Desert Isle Keeper
Ignite on Contact
Jaci Burton’s Ignite on Contact is a steamy, fun modern romance with a lot of life and spice to it. The characters have pitch-perfect, spicy banter and their romance feels real and fun.
Rafe Donovan loves being a Florida-based fireman, but when an explosion leaves him in the ER he meets up with his next-door neighbor, triage nurse and department supervisor Carmen Lewis, and sparks fly.
Carmen and Rafe are mightily attracted to one another, but Carmen was divorced four years ago and is still wary of giving her heart again and Rafe – fostering his own issues – refuses to enter into a serious relationship with anyone.
But Rafe is stuck on leave until his injuries heal, and so the two of them get closer in spite of themselves. When Rafe finally breaks down and suggests a strings-free fling it seems to be just what the doctor ordered for both of them. But what happens when feelings get involved?
Ignite on Contact is Burton’s best book yet, a great romance about two good people who have to work hard for their HEAs in a world that is anchored by the serious reality of their jobs.
I loved Carmen’s practicality and pragmatics versus Rafe’s everyday normal dude outlook (she’s also Latina and I loved the little snippets of Spanish Burton put in the book). They’re both people who feel deeply responsible for those around them, and that’s a trait that dominates the book.
I liked Rafe’s relationship with his other brothers – orphaned in a fire, they were adopted by a fireman and have followed their stepfather’s footsteps into the firefighting business. Each man is pulling away in a different direction as the book opens, which makes things a hair difficult for them, as they need to stay cohesive as a fire-fighting unit.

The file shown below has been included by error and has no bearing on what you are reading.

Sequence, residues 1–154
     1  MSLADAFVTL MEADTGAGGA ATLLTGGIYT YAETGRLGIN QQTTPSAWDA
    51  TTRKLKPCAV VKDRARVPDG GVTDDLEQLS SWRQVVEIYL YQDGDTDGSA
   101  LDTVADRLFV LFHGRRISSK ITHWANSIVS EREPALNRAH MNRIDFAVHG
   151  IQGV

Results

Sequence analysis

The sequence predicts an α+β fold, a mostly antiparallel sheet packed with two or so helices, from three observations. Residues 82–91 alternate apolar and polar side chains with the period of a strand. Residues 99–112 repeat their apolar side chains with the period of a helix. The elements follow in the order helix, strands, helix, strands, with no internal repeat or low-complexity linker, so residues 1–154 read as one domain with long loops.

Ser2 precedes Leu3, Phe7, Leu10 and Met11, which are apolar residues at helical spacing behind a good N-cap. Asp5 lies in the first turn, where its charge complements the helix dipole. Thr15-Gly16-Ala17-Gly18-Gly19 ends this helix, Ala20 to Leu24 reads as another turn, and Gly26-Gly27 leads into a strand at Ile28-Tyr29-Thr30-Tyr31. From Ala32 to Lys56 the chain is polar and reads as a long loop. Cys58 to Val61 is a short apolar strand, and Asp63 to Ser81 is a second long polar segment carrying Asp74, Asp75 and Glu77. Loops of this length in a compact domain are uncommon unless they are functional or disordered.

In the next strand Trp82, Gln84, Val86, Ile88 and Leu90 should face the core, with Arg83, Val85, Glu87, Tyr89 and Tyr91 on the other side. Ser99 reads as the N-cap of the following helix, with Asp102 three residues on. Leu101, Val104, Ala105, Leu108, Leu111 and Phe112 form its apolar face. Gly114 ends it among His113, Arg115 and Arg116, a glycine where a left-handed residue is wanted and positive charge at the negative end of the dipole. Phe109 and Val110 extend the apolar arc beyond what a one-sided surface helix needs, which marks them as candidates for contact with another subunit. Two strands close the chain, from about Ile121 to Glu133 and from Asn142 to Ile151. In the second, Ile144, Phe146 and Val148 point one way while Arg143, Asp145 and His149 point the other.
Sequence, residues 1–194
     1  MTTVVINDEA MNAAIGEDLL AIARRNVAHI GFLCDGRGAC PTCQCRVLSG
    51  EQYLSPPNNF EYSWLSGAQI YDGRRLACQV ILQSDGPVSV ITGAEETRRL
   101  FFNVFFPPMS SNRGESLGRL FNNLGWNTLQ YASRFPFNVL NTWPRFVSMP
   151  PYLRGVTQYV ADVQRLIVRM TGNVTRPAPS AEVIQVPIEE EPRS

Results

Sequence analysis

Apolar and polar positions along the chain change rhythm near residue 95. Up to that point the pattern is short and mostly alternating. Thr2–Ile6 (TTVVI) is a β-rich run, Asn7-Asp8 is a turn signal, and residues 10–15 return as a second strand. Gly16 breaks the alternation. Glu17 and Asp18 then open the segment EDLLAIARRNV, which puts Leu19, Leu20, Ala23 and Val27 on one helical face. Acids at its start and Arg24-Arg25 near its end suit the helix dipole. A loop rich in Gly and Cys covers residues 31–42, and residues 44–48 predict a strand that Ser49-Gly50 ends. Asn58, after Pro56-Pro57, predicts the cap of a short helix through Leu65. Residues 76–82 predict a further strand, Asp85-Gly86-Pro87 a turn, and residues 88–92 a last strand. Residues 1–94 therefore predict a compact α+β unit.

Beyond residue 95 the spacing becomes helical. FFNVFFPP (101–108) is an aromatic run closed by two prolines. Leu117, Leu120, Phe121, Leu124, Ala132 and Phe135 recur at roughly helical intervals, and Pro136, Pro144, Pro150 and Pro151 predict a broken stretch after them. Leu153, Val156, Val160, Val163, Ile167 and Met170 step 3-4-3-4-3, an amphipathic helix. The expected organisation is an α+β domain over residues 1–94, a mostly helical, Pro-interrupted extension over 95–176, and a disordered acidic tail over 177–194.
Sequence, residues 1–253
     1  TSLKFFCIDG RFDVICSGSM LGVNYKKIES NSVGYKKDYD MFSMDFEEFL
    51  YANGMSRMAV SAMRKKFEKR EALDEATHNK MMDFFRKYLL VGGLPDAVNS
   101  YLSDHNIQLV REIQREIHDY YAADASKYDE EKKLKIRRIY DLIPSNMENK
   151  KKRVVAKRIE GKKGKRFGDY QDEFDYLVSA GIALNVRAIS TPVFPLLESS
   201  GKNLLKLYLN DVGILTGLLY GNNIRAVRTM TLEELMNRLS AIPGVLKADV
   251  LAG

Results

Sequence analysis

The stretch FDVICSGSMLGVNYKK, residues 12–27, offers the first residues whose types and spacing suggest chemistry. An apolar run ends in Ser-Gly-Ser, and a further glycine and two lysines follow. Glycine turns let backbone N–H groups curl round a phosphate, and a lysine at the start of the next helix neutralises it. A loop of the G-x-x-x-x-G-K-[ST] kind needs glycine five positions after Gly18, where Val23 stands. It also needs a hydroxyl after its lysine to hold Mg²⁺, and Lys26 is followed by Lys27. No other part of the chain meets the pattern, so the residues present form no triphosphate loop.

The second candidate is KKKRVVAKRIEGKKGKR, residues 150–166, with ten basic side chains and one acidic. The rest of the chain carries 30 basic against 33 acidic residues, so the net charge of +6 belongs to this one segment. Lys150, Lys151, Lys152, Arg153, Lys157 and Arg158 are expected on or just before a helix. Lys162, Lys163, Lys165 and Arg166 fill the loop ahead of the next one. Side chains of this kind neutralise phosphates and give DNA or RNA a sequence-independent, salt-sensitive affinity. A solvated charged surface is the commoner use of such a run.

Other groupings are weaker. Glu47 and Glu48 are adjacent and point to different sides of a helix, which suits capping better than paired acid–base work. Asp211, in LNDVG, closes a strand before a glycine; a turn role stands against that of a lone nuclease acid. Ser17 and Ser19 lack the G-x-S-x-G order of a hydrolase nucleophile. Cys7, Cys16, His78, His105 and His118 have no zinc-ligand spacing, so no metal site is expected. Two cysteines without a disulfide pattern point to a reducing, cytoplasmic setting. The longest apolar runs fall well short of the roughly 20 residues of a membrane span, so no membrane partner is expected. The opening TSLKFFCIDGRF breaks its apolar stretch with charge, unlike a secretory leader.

As I said in the preamble, the romance is off the charts – grown up, hot and delicious. There’s a sense of great liveliness to it, and an excellent sense of two real people coming to know and love one another.
I loved Rafe’s relationship with his friends in the firehouse, and I liked Carmen’s sisterhood with her fellow nurses. The book does a very good job of portraying life in the medical and firefighting worlds; Rafe’s guilt when he can’t save every single person who comes his way is palpable. They’re both in services like that and Carmen’s response is appropriately different than his.
Also wonderful is Carmen’s relationship with her grandfather, whom she has taken care of at night since his stroke. He tries to nudge her into living her very best life while maintaining a warm relationship with her, and is provided with a sweet secondary romance with a woman named Felice that’s worth investing in.
Overall Ignite on Contact is a handsome Burton romance with a lot of feeling, zest and passion, and for that it gets a high recommendation.